I'm going to not exist as myself for a while, or try to. Or at least stop trying to be myself. Be less than that. Rest a bit, I guess. So here's a piece of profound nonsense. I need another new poetry resource. I think I'll buy Rapture at the weekend, lest I publish EVERYTHING Jeanette Winterson thinks is good.
The Blue Guitar
The man bent over his guitar,
A shearsman of sorts. The day was green.
They said, 'You have a blue guitar,
You cannot play things as they are.'
The man replied, 'Things as they are
Are changed upon the blue guitar.'
And they said then, 'But play, you must
A tune beyond us, yet ourselves,
A tune upon the blue guitar
Of things exactly as they are.'
UPDATE: I just found that this is a tiny excerpt of a much longer poem! I'll have to read it sometime and see what the rest of it says...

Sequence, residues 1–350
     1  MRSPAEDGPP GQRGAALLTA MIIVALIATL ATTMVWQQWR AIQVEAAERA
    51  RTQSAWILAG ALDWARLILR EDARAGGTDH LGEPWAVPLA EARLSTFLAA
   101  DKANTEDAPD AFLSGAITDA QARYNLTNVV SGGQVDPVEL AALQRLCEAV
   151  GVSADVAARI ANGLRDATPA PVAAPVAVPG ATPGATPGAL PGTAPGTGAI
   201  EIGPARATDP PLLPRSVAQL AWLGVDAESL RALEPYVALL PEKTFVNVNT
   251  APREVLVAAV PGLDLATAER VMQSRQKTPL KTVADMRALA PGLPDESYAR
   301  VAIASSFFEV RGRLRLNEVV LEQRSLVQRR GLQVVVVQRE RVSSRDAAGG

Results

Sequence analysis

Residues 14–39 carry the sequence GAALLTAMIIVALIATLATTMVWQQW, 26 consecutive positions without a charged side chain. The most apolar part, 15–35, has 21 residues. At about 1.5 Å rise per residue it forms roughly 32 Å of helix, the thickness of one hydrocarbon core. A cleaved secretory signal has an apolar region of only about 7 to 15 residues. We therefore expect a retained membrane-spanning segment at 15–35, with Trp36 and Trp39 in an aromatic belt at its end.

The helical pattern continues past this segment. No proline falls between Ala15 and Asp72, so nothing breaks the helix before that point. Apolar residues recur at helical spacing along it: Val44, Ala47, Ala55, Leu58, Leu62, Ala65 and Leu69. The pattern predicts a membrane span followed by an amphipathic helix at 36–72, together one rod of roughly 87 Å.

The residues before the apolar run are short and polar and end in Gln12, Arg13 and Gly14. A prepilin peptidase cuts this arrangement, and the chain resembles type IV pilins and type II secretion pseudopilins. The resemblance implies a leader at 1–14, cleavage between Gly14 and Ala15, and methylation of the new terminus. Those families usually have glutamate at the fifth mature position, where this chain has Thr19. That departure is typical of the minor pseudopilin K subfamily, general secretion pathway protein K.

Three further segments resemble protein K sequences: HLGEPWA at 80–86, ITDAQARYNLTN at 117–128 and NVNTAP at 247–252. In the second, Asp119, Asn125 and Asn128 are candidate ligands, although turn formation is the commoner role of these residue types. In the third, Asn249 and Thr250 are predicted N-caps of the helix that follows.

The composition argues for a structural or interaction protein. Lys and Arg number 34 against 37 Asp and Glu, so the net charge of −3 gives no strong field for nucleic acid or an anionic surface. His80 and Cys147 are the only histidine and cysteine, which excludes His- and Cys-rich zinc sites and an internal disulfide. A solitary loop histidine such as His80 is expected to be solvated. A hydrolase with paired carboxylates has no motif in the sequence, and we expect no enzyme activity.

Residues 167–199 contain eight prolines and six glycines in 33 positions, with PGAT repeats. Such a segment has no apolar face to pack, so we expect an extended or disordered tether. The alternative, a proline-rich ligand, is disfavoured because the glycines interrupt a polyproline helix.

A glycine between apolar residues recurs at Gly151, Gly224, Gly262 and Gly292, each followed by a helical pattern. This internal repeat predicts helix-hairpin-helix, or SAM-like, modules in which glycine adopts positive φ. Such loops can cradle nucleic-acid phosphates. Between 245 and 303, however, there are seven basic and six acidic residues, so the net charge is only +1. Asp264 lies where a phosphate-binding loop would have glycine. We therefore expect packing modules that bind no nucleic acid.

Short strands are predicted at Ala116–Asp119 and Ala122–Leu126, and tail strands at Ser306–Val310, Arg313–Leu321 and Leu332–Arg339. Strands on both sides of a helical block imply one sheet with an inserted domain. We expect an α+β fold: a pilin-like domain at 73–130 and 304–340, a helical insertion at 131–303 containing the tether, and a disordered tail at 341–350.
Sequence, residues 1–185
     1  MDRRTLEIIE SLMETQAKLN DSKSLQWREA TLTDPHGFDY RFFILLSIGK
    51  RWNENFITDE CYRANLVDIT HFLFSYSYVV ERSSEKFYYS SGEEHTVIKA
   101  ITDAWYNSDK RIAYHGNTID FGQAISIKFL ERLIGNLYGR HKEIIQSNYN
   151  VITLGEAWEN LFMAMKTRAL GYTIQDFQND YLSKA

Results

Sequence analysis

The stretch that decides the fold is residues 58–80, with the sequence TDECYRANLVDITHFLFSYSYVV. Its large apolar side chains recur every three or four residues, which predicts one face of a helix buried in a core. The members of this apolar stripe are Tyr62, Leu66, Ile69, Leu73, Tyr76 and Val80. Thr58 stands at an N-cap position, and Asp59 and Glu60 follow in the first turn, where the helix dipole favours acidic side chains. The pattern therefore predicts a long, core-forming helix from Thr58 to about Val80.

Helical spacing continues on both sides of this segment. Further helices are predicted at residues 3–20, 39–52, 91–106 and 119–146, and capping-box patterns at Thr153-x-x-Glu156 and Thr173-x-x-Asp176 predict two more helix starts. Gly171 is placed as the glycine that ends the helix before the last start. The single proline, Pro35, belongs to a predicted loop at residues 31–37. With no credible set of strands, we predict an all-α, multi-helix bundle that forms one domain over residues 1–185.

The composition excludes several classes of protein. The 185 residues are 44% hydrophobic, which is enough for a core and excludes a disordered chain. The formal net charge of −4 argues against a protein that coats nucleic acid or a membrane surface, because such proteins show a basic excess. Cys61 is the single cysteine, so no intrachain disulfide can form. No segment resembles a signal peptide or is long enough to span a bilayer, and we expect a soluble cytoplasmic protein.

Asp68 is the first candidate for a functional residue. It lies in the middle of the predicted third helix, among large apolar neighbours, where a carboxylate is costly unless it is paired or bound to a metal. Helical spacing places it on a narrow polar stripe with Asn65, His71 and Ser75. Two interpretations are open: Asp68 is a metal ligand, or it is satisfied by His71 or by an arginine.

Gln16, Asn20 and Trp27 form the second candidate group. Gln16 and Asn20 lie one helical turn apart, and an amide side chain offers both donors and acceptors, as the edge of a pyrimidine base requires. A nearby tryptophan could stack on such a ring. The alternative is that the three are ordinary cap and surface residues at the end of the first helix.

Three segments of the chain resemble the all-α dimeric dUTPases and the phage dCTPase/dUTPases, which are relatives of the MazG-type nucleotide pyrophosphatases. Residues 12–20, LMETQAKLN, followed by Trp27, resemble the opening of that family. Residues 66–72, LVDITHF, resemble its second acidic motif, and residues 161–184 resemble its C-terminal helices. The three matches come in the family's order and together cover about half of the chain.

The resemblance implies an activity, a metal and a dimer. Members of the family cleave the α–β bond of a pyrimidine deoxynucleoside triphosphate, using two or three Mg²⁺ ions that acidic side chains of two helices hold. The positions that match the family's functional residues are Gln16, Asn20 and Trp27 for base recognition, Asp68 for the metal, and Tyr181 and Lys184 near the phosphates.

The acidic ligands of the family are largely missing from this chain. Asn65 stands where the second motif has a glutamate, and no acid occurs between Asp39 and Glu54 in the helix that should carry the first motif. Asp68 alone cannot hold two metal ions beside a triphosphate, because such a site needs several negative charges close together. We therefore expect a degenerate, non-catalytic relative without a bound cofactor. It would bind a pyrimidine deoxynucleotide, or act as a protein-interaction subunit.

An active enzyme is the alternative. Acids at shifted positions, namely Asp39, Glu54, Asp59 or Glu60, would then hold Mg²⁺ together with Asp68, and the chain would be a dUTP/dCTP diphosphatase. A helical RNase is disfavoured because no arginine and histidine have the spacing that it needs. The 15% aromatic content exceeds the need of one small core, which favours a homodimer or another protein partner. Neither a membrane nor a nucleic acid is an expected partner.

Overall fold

I like the silliness of it, and the highlighting of the moment of realisation that people have when the way that they perceive the world is shown to be wrong or not the whole thing, and the excitement of finding a new way of seeing or hearing.
Coming back to this after an evening of thinking about it, it becomes apparent that my assessment of the poem is woefully incomplete. Which I would have picked up if I'd spent more time on my posting. Again. But it could be read in many more ways than the one I chose to focus on yesterday. The people could just as easily be demanding that the guitarist plays things as they are, not acknowledging that things are different on the blue guitar. There could be anguish in the poem from the fact that the musician cannot possibly do what the world demands of him. And there are more interpretations than that, too - it's impossible to pin down 'things exactly as they are' in the context of the poem. Perhaps that's the point.
Is it bad that I'm quite pleased to have learnt more html? I'm sure I'm losing street cred. At some point, you never know, I'll have a go at making this page look a little less generic, but I wouldn't hold your breath.
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